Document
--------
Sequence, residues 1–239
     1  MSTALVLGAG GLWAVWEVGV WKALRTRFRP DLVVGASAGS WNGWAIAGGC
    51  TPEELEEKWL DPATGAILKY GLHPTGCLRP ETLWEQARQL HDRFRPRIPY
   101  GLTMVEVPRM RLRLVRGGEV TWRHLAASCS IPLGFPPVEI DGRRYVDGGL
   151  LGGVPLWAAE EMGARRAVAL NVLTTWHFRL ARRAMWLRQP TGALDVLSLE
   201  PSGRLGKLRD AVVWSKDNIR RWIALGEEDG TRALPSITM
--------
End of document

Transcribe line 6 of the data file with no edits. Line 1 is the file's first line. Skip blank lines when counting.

   201  PSGRLGKLRD AVVWSKDNIR RWIALGEEDG TRALPSITM